Amid the covid-19 pandemic, Steve Schifferes, an economist at the University of London, projects which countries will perform better economically and which ones will lag behind.
The world’s Gross Domestic Product (GDP) suffered its sharpest fall in 2020 since the end of World War II. Millions were left unemployed or their jobs suspended, and governments injected billions of dollars into their economies to prevent further damage.
However, the recovery to 2021 is highly uncertain. China’s economy is growing strongly again, but many of the world’s richest nations may not make a full recovery until 2022, considering an early estimate.
The inequality is also rampant. While the 651 American billionaires have increased their net worth by 30% to $ 4 trillion, 250 million people in developing countries could face absolute poverty and as much as half of the world’s workforce may have lost their means to survive.
The speed at which the pandemic can be contained will greatly influence the performance of the economy around the world.
In the race between new strains of the virus and vaccines, an early victory is by no means assured.
Even wealthy countries that have bought the most available vaccines may fail to inoculate enough people to build herd immunity by the end of 2021.
In developing countries, where vaccines are generally in short supply, the virus is expected to spread further.
The big winners are likely to be countries like China and South Korea, which managed to suppress covid-19 early. China’s economy is projected to grow 8% in 2021, more than twice that of the most successful Western countries even before the pandemic.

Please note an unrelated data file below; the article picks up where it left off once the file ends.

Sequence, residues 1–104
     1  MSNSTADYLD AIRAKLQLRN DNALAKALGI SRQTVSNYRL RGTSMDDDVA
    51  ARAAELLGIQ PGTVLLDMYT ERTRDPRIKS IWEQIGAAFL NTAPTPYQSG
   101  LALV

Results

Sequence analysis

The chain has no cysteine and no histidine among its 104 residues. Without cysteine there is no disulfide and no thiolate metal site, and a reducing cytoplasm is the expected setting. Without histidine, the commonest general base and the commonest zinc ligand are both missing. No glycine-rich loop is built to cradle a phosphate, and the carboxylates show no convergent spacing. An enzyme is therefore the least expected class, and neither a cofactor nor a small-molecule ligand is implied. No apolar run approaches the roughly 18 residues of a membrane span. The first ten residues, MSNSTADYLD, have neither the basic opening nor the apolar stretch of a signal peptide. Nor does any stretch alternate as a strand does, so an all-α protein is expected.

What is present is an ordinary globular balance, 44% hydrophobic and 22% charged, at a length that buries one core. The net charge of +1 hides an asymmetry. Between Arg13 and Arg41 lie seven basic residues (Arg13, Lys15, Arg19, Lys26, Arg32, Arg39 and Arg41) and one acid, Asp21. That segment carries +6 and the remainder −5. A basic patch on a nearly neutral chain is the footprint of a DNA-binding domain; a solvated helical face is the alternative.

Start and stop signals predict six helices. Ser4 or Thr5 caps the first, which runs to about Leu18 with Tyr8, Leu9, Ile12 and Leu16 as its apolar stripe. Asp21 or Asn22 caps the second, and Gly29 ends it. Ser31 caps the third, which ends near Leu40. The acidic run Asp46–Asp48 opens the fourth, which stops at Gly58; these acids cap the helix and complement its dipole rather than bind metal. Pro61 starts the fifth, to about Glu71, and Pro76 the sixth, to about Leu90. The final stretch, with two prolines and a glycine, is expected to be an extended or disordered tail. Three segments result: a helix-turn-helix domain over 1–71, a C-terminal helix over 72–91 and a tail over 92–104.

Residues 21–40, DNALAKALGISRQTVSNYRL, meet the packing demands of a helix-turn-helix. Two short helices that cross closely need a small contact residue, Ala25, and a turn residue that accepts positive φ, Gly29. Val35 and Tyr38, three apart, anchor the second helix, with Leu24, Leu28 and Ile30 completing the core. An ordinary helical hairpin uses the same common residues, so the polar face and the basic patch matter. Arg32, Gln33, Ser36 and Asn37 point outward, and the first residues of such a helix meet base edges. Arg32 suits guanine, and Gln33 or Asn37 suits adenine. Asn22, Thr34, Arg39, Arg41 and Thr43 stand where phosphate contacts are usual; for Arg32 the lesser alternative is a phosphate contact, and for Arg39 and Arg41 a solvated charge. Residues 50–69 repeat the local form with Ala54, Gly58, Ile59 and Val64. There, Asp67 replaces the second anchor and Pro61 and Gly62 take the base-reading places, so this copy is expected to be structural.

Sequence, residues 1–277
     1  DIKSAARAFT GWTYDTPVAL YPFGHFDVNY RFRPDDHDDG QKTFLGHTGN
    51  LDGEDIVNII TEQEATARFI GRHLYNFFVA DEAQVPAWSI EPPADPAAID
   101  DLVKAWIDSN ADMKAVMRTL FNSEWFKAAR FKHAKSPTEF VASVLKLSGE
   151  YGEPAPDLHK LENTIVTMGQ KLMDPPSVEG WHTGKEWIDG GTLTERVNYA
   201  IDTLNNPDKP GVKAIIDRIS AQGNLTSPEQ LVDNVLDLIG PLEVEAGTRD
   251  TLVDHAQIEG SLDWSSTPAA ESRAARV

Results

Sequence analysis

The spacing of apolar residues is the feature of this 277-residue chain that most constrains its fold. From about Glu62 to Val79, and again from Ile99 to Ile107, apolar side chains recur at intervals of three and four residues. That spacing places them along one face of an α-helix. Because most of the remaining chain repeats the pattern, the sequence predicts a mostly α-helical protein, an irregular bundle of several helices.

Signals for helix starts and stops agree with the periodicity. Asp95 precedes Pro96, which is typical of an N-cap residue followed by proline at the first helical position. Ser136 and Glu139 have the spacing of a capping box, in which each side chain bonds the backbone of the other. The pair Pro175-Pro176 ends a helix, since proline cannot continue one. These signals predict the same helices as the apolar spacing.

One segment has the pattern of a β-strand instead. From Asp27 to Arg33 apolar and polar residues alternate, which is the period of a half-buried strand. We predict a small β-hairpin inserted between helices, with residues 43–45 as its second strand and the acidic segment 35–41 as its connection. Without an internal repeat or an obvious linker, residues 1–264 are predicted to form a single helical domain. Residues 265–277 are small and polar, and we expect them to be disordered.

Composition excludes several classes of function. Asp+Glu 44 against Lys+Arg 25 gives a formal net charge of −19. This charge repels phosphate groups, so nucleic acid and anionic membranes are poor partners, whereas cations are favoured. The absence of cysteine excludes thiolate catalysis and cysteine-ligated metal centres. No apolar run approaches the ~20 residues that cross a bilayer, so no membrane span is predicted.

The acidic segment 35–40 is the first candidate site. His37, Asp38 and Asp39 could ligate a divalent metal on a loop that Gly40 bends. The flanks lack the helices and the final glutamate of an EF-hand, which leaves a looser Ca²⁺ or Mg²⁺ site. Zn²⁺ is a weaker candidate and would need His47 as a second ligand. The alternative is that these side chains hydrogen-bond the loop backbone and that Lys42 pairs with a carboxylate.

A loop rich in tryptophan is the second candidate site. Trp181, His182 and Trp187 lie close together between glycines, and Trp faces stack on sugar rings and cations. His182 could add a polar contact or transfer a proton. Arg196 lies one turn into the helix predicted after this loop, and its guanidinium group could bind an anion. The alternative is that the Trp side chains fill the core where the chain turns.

China’s economy, driven by its exports, has benefited from lockdowns in western countries.
Western demand for services like entertainment and travel may have decreased, but the demand for household consumer goods and medical supplies has increased.
And Chinese exports to the US have reached record levels despite high tariffs imposed by the Trump administration.
China is also expanding its economic influence throughout Asia, with a new free trade zone in the Pacific and huge infrastructure projects along its trade routes to Europe and Africa.
It is investing in advanced technologies to reduce its reliance on Western supply chains for components such as semiconductors.
China could overtake the United States as the world’s largest economy in five years, twice as fast as previously predicted.
For rich countries such as the United States, the United Kingdom, and continental Europe, the outlook is less rosy.
After brief recoveries in the summer of 2020, their economies stalled. This was driven by both the second wave of the pandemic and the lockdowns.
In the US, for example, jobs and growth closely followed the evolution of the pandemic, more so than locks applied unevenly as business and consumer confidence plummeted.
Nor can they afford the huge government subsidies that have prevented mass unemployment in Europe and the United States.